It seems like a different era when we first met Darwin Deez, back in 2009. His live shows were moments of pure joy, where this bundle of kinetic energy, with a moptop of corkscrew curls, would perform synchronised dance moves and dash off sweet love songs like Radar Detector or Bad Day, sounding for all the world like The Strokes‘ mischievous younger brother.
That was nearly a decade ago though, and Deez’s star seems to have stalled somewhat since those heady early days. Two albums have been released since that debut and neither Songs For Imaginative People nor Double Down troubled the charts very much. Now onto his fourth album, the moptop of curls may have been chopped off, but musically it’s like it’s still 2009 in Deez’s world.
10 Songs That Happened When You Left Me With My Stupid Heart is, as the title may suggest, an album about lost love and disintegrating relationships. You’d hesitate to call it a break-up album as, musically at least, Deez is as peppy as ever, but there’s certainly evidence of a broken heart lurking behind many of these songs.
Musically, it sticks to what’s been established as the Darwin Deez template. Opening track The World’s Best Kisser has an inventive intro – all a cappella, with Deez’s voice pitch-shifted thanks to a harmonizer, before the band kick in. It’s a decent opener, and a suitable primer for the album as few surprises lie in store.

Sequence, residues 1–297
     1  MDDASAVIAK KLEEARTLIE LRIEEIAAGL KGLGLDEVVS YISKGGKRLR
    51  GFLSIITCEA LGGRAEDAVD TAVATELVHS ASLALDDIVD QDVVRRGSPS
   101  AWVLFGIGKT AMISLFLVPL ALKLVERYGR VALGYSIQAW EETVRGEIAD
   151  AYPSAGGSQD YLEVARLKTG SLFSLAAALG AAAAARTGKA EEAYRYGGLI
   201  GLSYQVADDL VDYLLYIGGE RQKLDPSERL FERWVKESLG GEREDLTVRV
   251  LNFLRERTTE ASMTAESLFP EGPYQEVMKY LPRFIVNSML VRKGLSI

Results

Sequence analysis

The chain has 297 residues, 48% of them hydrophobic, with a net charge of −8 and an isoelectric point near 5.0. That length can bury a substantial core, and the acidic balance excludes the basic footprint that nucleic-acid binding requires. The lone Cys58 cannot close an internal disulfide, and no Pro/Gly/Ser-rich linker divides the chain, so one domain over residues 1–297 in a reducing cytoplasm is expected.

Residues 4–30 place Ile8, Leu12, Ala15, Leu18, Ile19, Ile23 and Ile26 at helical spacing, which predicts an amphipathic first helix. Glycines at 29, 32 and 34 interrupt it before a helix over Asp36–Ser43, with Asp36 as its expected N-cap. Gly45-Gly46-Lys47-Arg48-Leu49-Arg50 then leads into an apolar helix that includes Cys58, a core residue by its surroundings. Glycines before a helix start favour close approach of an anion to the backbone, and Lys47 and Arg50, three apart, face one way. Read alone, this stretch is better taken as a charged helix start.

As with Deez’s previous three albums, 10 Songs… is full of wonky pop songs with a bit of a twist to them. Say It First is a big, lolloping swagger of a song with a squelchy synth line, with Deez’s self-loathing turned up to the maximum as he begs his other half to say those three little words: “don’t just say it back to me… act as if you’re attracted to me”. That theme continues in Too Shy To Take A Shine, which has a oddly jazzy air to it, with Deez beating up on himself as he lacks the nerve to make a move on his intended.
Maybe it’s the heartache documented in these songs, but there’s an oddly listless quality to some of the album. All My Friends is an anonymous mid-paced ballad which just tends to float in and float off again, while Drive Around is Deez on auto-pilot – it sounds like an offcut from his debut, and the sort of thing he can probably pull off in his sleep these days.
However, some of the charm of those early songs is replicated: Getaway is naggingly catchy and enlivened by some fiery guitar solos, and Someone New is a crunchy number featuring all manner of vocal acrobatics from Deez and a heroic attempt to create as many rhymes with “glistening” as possible.
Even when Deez is revisiting past glories, as he could be accused of doing on this record, there’s still an easy charm about his songs. By now, you probably know exactly what to expect from a Darwin Deez album, and this delivers that in spades.